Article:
During the last year, Port Royal has seen businesses along Paris Avenue dwindle, festivals turn out less than spectacular numbers and the port of Port Royal, with its prime waterfront real estate, sit stagnant, officials said.
Some say its sleepy downtown village is stuck in a rut, but no one has yet discovered a solution to wake the historic corridor up.
"Everything feels a little stale," said Old Towne Coffee Haus owner Chris Rentz. "We need somebody to come who has a vision to put some life back (into the village)."
While many small town businesses are hurting these days, Port Royal's Paris Avenue has had particular difficulty finding its footing.
Town Manager Van Willis said the problem is likely two-fold -- the economy and the fact that the port of Port Royal has yet to sell and develop.
Others think there's a fundamental dichotomy standing in the way of new business promotion.
"People stand there and say they don't want anymore growth or density, and then they say they want more retail," said Carlotta Ungaro, executive director of the Beaufort Regional Chamber of Commerce. "With the mom and pop stores, if you don't have a critical mass, it's hard to be successful."
Residents and other business owners have expressed a desire for more stores and community events, but when "an idea is brought up, it really doesn't go anywhere very quickly," Rentz said.
The problems began some time ago. A slew of businesses left Paris Avenue in 2007; 2008 wasn't much better, Rentz and Old Village Association chairman Jeff Barnes said.
Many of the startups from four or five years ago that later folded or moved on "may have been speculating that the port property was closer to a sale and development" than it turned out to be, Willis said.
In 2009, popular stores and restaurants, like McPherson's Serious Bar-B-Que and Bateaux Restaurant, closed on Paris Avenue, while professional services -- architectural and engineering firms, law offices and assisted care centers -- continued finding some success, Ungaro said.
Those types of businesses supply high-quality jobs but don't attract the same kind of patrons looking to take a leisurely stroll down the street, stop in the stores, have lunch or grab a cup of coffee, Rentz said.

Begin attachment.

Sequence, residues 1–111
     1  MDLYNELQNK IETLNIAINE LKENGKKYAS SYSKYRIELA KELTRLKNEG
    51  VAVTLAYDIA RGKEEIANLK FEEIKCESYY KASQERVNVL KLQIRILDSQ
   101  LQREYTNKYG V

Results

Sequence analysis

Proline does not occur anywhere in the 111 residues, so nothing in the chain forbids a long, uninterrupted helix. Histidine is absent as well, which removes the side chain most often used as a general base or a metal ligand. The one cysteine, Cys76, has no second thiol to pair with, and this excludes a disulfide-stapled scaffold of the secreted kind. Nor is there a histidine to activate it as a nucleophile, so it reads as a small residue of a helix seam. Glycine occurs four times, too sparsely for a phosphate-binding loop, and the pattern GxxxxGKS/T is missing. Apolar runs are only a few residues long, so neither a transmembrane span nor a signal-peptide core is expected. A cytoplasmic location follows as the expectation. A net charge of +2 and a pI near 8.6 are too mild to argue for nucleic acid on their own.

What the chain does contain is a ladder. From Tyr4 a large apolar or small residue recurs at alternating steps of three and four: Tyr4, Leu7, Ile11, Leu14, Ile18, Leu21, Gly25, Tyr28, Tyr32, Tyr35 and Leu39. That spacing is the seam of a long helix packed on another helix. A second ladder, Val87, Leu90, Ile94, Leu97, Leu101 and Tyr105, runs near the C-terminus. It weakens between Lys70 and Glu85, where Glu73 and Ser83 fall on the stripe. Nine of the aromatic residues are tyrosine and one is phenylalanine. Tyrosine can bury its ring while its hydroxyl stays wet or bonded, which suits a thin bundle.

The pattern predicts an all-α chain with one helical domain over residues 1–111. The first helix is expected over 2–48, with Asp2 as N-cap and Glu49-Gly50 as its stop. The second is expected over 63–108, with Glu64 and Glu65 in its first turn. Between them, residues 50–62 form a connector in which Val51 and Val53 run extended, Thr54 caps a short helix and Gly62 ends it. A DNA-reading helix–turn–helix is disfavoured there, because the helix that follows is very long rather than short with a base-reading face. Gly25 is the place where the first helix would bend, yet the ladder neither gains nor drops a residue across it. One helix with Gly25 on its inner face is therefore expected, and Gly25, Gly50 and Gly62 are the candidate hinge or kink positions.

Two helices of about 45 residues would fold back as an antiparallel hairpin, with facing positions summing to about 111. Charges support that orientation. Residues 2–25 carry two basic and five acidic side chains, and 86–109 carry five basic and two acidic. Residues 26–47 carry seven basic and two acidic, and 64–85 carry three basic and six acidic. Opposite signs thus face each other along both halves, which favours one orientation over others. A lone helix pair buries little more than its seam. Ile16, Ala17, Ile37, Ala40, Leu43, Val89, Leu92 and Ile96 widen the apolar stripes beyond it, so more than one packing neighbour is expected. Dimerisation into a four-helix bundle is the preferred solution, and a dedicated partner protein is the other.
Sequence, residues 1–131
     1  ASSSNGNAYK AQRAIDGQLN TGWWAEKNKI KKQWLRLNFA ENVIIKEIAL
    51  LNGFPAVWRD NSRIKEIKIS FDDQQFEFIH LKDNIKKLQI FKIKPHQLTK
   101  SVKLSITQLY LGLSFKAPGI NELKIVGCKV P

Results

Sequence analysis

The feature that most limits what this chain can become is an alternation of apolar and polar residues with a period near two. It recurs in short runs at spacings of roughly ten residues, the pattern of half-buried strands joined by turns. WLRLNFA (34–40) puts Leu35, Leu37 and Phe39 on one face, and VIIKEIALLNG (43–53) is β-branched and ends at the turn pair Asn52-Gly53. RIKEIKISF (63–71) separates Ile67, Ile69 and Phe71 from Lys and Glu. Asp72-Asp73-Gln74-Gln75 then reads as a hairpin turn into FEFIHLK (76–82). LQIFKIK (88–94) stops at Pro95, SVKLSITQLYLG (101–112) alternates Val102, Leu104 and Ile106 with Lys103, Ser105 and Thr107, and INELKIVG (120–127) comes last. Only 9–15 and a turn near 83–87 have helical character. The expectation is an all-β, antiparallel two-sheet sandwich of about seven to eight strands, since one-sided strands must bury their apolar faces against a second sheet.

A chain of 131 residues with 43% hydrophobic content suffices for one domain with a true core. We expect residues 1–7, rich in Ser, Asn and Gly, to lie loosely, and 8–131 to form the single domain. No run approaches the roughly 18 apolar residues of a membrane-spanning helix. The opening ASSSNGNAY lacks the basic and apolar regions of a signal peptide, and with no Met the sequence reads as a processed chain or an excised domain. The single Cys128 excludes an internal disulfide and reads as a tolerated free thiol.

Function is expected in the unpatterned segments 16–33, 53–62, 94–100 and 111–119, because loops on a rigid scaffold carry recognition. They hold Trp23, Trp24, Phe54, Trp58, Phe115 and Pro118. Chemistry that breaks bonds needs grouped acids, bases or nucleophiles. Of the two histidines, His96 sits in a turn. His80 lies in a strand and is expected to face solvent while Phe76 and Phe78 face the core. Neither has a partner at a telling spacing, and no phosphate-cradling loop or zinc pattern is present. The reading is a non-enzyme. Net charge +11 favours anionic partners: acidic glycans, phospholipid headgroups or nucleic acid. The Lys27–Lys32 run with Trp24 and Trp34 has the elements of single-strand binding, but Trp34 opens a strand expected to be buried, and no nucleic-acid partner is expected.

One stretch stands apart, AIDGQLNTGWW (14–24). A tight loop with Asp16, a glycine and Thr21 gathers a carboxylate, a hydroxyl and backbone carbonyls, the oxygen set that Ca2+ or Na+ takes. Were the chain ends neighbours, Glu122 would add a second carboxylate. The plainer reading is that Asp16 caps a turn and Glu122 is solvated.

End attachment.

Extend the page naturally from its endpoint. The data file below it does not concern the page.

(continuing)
Advertising seems to be the go-to promotional tool, along with some other town beautification projects, officials said. Port Royal partnered with the town's Old Village Association to advertise in regional and military publications. The Chamber also recently launched a new branding study and campaign that will promote all of Northern Beaufort County, including Port Royal.
"That whole branding effort is an attempt to focus on the type of tourists and businesses we should be attracting," Willis said.
The village association and Chamber are working on a new walking trail map to guide visitors through historic spots in Beaufort and Port Royal. Right now, Rentz said, those spots go unnoticed by the majority of visitors who may be unaware of attractions like The Sands or the area's historic homes.
Port Royal hasn't raised its business license rate since 1993, Willis said. However, the town isn't currently offering incentives for new businesses to choose it over other municipalities, he said.
Something must be done, and soon, said Town Council member Joe Lee. Port Royal could recruit new businesses through the chamber, the Lowcountry Economic Network and business owners, he said. When the town starts its budget planning in February and March, business promotion should be in the mix, he said.
Any financial incentives must be carefully thought out because the town shouldn't use public money to promote a specific sector or compete with existing businesses, he said.
"Before we spend too much more money on trying to attract more people here, we have to figure out how to get more businesses here," Lee said.
The city of Beaufort has Main Street Beaufort, USA for downtown promotion. Port Royal could look at establishing a similar community development program, Better Hometown, designed for towns with smaller populations, Ungaro said.
"There's definitely an impetus to put something together," Lee said. "Everybody recognizes that there's a problem, but hopefully people also see that there's opportunity."